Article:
Ryanair could be the most profitable short haul carrier around but have the lowest satisfaction rating. If they operate a budget airline then something has got to give. In their case it’s the experience of the customer. Is it sustainable? Perhaps yes. This year’s poor Customer Service has delivered a 20% increase in share price YoY for Ryanair. No one states you have to be nice to your customers.

So Customer Experience practitioners should be cautious about  presenting Customer Satisfaction increases as a sign of business profitability improvement. In the Wealth Management and Private Banking sector studies show those topping the customer satisfaction polls are way off the pace when it comes to corporate profitability rankings.

Affected behavioural change is a very reliable measurement approach because it’s an ‘actual’. Whereas satisfaction is a measure of a customer’s sentiment at a moment in time. Similarly, NPS measures an intention to be actioned. They do not reflect what customer’s are or will actually do. Measuring the impact of a behaviour change is an actual.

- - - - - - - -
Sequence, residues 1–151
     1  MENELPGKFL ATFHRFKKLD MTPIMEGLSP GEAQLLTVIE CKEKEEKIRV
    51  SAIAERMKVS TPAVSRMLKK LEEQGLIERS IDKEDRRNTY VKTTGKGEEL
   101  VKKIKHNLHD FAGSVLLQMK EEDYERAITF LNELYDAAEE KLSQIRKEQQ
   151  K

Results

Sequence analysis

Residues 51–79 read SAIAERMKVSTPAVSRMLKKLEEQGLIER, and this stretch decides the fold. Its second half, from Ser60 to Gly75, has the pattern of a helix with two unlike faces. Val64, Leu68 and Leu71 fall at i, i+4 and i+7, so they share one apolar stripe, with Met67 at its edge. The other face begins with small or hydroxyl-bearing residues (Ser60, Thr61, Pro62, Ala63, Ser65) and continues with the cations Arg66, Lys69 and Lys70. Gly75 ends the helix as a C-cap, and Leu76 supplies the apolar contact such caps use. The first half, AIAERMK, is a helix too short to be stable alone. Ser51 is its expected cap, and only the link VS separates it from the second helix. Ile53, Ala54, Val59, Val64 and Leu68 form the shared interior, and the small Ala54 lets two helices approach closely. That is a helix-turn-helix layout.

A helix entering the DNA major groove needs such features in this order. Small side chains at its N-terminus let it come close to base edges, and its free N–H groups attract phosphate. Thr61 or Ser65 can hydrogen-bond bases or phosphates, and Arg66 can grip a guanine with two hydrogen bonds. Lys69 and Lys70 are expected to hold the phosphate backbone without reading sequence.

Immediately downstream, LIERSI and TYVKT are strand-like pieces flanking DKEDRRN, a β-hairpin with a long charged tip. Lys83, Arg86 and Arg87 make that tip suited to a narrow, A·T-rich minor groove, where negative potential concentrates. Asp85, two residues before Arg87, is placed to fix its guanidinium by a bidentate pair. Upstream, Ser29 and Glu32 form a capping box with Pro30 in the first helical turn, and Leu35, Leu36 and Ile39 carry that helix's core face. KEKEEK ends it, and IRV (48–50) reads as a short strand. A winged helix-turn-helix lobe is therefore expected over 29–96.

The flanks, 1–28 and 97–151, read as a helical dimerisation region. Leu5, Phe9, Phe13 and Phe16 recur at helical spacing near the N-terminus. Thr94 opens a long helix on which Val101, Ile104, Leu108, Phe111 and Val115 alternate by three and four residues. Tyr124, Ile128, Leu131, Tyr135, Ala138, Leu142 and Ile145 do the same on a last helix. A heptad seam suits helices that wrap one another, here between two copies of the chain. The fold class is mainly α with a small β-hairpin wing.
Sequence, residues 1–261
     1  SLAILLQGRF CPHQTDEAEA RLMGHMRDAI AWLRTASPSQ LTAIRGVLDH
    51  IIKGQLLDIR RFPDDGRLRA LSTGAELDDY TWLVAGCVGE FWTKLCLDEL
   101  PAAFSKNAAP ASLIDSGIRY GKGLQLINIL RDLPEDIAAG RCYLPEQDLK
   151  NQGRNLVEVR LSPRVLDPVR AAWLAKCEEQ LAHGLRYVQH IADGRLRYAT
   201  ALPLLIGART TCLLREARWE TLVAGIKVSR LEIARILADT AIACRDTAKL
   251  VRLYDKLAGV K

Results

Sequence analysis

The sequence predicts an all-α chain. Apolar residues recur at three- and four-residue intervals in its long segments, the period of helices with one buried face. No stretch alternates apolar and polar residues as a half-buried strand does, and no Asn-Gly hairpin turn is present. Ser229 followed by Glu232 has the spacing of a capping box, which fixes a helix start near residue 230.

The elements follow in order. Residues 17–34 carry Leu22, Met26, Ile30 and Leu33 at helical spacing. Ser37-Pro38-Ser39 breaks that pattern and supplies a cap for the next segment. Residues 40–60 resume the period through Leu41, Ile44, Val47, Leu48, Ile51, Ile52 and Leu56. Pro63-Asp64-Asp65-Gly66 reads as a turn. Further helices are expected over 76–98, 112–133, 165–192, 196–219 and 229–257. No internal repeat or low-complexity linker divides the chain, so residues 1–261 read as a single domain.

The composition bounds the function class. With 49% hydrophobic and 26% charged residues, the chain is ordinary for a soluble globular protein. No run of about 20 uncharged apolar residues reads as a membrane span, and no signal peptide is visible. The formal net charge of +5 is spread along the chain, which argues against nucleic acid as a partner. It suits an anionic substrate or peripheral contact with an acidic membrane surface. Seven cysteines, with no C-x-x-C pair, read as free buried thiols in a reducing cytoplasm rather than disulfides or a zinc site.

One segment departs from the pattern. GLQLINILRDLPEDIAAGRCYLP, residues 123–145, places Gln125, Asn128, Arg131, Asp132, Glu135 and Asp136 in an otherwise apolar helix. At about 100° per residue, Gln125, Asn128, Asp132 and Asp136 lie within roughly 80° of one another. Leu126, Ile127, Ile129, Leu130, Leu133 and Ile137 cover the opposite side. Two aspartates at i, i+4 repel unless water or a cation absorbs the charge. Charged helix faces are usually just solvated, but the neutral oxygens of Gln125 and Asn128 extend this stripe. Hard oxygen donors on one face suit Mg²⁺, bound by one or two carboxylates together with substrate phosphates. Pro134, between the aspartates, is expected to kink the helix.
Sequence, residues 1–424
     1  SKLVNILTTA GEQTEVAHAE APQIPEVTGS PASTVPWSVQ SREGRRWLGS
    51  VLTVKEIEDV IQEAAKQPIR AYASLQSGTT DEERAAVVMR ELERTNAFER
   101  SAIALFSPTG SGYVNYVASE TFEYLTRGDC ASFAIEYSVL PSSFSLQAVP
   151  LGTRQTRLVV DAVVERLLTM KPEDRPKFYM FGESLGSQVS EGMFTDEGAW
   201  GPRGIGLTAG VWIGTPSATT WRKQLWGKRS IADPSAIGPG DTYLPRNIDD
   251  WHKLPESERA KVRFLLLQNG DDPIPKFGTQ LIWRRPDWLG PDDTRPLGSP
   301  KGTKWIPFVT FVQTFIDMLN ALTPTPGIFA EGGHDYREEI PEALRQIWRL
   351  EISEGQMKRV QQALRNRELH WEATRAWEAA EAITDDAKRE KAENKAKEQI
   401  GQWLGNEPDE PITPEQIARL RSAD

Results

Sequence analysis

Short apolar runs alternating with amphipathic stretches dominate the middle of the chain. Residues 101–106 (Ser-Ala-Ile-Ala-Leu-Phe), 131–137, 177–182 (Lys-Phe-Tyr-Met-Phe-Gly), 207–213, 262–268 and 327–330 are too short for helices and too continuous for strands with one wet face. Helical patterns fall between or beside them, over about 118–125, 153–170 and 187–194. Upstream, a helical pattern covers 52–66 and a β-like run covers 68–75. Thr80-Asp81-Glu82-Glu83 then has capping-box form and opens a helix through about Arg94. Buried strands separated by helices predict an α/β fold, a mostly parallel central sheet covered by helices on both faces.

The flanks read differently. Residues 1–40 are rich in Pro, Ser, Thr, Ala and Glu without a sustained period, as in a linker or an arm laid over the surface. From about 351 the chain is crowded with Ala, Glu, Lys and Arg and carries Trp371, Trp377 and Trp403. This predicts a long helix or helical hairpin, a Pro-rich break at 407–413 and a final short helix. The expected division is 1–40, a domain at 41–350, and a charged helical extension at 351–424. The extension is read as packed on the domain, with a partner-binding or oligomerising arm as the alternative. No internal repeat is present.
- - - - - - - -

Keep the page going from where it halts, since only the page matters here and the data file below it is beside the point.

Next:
We can measure CX impact on behavioural change, so why do companies prioritise satisfaction?

It’s an easy one to put to customers. They get it. However, if you discuss the concept of ‘context’  capturing customer satisfaction, most admit they struggle to associate satisfaction with anything more than the here and now they are asked about.

So if a purchase went well the customer might feedback a high score. However, if part of that transaction was the reassuring returns policy which then turns out to be useless, they cant go back and correct transaction moment score even though it was influenced by the perception of the returns policy.

VoC platform providers like satisfaction as well. It’s a one question solution. It’s easy. It’s relatively unchallenged. It can be asked across channels and compared between journeys, segments and other variables. It’s a commercially viable currency for them.

Is there a more accountable measure available?